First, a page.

The constantly changing FPS

The constantly changing FPS

The First Person Shooter is one of the leading genres in video games today, with games like Call of Duty and Halo having bigger releases than movies like The Dark Knight and Harry Potter. The genre has evolved tremendously since 1996 when Duke Nukem 3D released, and has left one of the milestones of the genre far behind.

FPS games were first popularized in 1992 with the launch of Wolfenstein 3D, or Wolf. Gamers played as a grizzled American POW battling his way through a Nazi fortress, facing guard dogs and Gestapo alike, ending in a gunbattle with Hitler in a robot suit, carrying two machine guns.

The extravagant tone of that first game defined the genre, and the race to be bigger and better is one of the reasons why the genre could be headed for some serious problems, as developers start to run out of spectacle.

In 1993 though, getting bigger was no problem at all, and Doom’s release added a lot of technical polish to Wolf. The real revolution though was in the adding of a mode they called ‘deathmatch’, a term that became so popular that today every FPS ships with a deathmatch mode.

In this game type, instead of gunning down the computer enemies that were incredibly limited in their intelligence, you could face off against other gamers and a strong community built around the game.

Duke Nukem 3D released in 1996, and was the last of the sprite based greats. The game had an offbeat sense of humor, glorying in and mocking at Americana all at once. So for example, the game ended in a pitched duel that took place on a football field, with cheerleaders of course!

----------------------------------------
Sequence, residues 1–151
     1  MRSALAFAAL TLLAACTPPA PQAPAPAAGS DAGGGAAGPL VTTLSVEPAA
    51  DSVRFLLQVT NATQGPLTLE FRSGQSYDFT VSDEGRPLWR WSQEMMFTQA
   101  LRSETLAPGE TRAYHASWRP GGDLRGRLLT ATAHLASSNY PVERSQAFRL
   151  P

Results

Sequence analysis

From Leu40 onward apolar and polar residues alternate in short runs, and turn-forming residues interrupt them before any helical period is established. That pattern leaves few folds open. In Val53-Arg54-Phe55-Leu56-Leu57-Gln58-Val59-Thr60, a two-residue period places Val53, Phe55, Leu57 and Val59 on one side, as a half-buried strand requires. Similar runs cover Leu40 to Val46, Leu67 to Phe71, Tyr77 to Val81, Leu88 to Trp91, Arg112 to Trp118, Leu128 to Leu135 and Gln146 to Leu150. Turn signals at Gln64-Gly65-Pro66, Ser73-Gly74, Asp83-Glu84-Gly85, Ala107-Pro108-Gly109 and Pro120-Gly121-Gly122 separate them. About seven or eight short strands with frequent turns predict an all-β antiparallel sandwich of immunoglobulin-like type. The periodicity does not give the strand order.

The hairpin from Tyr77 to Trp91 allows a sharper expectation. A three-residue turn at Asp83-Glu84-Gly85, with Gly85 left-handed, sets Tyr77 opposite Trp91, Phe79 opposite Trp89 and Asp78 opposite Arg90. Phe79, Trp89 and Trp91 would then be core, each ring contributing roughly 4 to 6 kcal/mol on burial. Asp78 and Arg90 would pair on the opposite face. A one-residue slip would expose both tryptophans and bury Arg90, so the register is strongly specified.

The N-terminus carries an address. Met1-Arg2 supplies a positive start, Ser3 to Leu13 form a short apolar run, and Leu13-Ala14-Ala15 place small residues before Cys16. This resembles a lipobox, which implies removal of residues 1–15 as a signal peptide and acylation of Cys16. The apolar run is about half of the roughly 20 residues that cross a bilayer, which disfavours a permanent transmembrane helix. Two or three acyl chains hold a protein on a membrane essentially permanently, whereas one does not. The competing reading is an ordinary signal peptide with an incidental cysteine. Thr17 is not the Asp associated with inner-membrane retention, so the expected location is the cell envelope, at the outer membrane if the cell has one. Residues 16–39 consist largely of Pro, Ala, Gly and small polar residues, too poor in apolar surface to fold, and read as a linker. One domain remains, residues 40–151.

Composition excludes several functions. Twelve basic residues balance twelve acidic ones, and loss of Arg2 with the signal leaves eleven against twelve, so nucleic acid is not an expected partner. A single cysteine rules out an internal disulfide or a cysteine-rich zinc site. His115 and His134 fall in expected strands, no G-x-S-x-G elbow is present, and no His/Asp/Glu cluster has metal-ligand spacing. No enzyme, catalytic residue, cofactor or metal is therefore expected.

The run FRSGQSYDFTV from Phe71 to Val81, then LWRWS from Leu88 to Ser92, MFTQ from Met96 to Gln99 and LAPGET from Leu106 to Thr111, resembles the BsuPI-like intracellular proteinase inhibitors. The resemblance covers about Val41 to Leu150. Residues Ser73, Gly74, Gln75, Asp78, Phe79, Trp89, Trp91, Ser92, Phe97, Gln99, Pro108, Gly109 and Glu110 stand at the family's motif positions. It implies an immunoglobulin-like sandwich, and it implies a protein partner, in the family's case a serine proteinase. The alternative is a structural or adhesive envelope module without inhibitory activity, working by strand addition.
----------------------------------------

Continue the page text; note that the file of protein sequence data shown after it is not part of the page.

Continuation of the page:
A few months after Duke, Quake released, and the landscape shifted immediately. Games had been in mock 3D, with sprites that could be viewed from a few limited angles only, but Quake was the first game with 3D, polygon based, visuals instead.

Half Life then released in 1998, and brought in a sudden revolution. The era of the smart shooter had begun. There was a coherent story, and the enemies weren’t going to stand and shoot at you until they died. Instead, they took cover, worked in teams and generally made life miserable. Already, Duke’s world seemed dated, and this was one of the many reasons why the series was delayed, as it tried to play catch up.

Also, in 1999 Unreal Tournament and Counter Strike released. The two were multi-player arena shooters, where groups of people would connect their computers and play against each other. While Unreal carried on in the tradition of the testosterone drenched space marine with implausible weapons, Counter Strike gave us a pitched battle between military and terrorist forces, using real guns.

These two schools of thoughts continue even today, with the leading franchises of Gears of War and Call of Duty having a similar divide, but before either of those came, one more game was due, and it changed everything.

In 2000, the first Halo game was released, and not only was this game the most successful FPS on a video game console, it also brought changes which have stuck to the genre. Halo made it near mandatory to have large spaces where players could approach the enemy in a variety of ways, allowing more tactical play. They successfully integrated vehicle segments and then went and made them completely optional, which added a lot of variety to the game. Most important, they took away the health bar, and introduced the concept of regenerating health—take a beating too quickly and you’re dead, but if you can back off, you’ll get better.

These changes prompted far more tactical play, and faster, more enjoyable sessions, and the imprint of Halo is still visible on every game today, including Duke Nukem Forever. And while Duke tried to borrow from every game that followed it in 1996, the net result was a game that has been left behind by the evolution of the genre.

The timeline of FPS games:

Inventing the Genre - Wolf 3D (1992)

Deathmatches - Doom (1993)

3D objects - Quake (1996)

Smart AI, Story - Half Life (1998)

Multiplayer - Unreal Tournament/Counter Strike (1999)

Console, vehicle, wide maps, regenerating health - Halo (2000)

Cover shooter, tactical play - Gears of War (2006)

Brilliant scripting, smart AI, amazing spectacle - Modern Warfare (2007)